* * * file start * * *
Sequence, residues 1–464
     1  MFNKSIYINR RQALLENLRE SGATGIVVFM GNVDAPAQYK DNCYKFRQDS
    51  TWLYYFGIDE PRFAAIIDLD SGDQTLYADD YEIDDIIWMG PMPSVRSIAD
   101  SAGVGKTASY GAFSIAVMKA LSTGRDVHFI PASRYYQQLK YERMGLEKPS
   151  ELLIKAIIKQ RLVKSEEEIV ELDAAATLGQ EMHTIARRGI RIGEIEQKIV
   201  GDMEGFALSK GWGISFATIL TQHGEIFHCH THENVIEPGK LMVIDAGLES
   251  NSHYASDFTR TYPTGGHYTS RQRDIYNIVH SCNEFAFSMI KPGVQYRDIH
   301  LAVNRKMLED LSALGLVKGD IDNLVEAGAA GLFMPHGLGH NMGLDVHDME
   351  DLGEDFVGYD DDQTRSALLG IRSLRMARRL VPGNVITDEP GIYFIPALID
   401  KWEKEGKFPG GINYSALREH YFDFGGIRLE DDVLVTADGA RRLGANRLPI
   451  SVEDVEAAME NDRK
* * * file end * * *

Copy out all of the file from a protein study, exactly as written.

Sequence, residues 1–464
     1  MFNKSIYINR RQALLENLRE SGATGIVVFM GNVDAPAQYK DNCYKFRQDS
    51  TWLYYFGIDE PRFAAIIDLD SGDQTLYADD YEIDDIIWMG PMPSVRSIAD
   101  SAGVGKTASY GAFSIAVMKA LSTGRDVHFI PASRYYQQLK YERMGLEKPS
   151  ELLIKAIIKQ RLVKSEEEIV ELDAAATLGQ EMHTIARRGI RIGEIEQKIV
   201  GDMEGFALSK GWGISFATIL TQHGEIFHCH THENVIEPGK LMVIDAGLES
   251  NSHYASDFTR TYPTGGHYTS RQRDIYNIVH SCNEFAFSMI KPGVQYRDIH
   301  LAVNRKMLED LSALGLVKGD IDNLVEAGAA GLFMPHGLGH NMGLDVHDME
   351  DLGEDFVGYD DDQTRSALLG IRSLRMARRL VPGNVITDEP GIYFIPALID
   401  KWEKEGKFPG GINYSALREH YFDFGGIRLE DDVLVTADGA RRLGANRLPI
   451  SVEDVEAAME NDRK